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  41. What a bunch of sad sacks. First of all the Mayor has nothing to do with these venues. They were in existance way before he took office. He is however recognizing those that help develop and promote these events. It always amazes me how those who never attend these events can be so critical and 10:59, your friends must be speaking about your lawn.

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  42. No, we're not sad sacks--we're just realists trying to survive in a city run and ruined by rich art farts.

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  43. The sooner we start paying attention to the basics and stop pushing the arts, the better!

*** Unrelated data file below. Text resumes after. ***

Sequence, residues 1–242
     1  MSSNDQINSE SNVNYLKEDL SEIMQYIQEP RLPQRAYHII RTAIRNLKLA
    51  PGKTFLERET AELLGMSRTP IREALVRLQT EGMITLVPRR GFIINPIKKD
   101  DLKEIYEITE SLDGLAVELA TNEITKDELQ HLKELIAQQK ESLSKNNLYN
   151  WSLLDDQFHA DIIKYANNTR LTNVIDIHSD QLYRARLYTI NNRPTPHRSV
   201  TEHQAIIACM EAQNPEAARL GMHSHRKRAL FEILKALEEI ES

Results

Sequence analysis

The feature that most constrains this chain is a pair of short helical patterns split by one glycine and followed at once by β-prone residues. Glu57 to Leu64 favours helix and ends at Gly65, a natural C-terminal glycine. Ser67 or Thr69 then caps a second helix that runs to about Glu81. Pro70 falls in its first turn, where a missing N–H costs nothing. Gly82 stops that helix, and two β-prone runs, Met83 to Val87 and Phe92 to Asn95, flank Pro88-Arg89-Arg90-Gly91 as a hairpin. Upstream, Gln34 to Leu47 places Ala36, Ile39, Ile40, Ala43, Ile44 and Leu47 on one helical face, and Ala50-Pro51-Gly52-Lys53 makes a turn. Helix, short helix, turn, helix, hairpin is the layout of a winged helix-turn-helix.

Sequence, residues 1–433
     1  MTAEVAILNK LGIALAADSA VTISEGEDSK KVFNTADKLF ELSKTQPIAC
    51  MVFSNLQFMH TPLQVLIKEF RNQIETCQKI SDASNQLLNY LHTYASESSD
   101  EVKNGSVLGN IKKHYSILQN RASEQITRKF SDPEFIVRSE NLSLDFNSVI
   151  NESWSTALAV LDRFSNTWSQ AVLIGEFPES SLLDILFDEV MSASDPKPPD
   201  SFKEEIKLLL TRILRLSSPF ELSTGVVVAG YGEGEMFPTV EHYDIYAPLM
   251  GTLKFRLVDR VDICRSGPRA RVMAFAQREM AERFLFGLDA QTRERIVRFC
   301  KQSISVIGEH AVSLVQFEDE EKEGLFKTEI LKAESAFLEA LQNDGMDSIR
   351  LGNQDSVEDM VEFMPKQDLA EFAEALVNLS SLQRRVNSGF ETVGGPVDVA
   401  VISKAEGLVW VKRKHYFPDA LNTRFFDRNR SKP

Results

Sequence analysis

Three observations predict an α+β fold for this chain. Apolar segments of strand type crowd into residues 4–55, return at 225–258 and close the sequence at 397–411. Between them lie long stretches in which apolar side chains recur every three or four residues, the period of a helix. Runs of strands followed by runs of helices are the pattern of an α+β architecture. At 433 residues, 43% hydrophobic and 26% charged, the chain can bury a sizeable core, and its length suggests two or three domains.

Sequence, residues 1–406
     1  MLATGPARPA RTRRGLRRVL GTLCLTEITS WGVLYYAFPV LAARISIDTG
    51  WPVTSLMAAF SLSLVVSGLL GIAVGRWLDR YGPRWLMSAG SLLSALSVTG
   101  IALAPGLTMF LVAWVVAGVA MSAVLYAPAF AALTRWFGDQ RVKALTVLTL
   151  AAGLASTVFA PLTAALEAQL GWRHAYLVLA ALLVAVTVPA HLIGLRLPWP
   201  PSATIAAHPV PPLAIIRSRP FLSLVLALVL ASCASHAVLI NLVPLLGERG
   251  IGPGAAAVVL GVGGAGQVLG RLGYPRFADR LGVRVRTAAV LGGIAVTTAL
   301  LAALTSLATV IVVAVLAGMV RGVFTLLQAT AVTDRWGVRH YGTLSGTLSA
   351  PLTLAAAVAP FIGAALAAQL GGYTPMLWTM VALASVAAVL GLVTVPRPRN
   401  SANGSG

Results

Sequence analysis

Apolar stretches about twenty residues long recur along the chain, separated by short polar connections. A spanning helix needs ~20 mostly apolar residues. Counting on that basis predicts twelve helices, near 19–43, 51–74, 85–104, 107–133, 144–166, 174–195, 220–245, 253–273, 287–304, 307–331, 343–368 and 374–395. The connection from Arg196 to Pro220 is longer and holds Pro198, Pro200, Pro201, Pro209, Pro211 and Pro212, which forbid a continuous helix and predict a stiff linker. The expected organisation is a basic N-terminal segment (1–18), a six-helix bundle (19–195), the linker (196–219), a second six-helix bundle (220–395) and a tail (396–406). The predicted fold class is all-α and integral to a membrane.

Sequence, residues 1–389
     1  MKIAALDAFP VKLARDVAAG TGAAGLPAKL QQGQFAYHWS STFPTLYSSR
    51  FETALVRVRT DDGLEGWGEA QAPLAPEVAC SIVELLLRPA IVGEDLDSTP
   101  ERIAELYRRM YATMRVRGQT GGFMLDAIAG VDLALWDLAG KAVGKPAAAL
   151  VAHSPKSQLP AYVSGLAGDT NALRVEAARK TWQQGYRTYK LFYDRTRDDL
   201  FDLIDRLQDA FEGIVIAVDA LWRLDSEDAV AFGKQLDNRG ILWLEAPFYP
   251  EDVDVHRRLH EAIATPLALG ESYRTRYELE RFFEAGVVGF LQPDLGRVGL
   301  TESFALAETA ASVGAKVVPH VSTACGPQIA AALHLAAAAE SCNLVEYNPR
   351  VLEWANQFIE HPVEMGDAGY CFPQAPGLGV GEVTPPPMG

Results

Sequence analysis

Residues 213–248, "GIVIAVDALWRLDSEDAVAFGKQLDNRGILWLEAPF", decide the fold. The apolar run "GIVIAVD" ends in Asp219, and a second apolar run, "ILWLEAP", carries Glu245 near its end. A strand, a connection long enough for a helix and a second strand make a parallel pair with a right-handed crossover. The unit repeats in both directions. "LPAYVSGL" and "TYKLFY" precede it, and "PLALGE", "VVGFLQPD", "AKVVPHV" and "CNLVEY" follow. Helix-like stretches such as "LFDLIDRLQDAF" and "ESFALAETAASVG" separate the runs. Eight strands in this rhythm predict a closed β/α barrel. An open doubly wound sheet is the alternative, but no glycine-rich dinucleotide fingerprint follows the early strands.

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  44. Kay,
    Sorry that you feel that way about John, but he is twice the man you will ever be (FUNNY)! If we wanted your opinions we would have listened to you all along, but we don't care what you have to say. Also, where do you get off telling him where and with who he can have fundraisers. Stay out of our business you angry loafer. G

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  45. The fact remains that Dickert, by being oh-so-chummy with the Waxtrash, indicates that he is not (and never can be) the people's choice. Any official who cavorts with the Carnauba Court is no friend of the common man.

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  46. Until Dickert takes on SCJ and makes it pay its fair share of property taxes, he is unfit to be mayor, much less to seek re-election to that office.

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  47. Jazz belongs out at Wingspread with the rest of the elitist crap the Johnsons and their lackeys try to jam down our throats.

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  48. The Alliance and the Waxbashers respectfully request all residents of Racine to boycott jazz concerts and other arty events inflicted on us by the Waxtrash. We want HEART, not art, in Racine.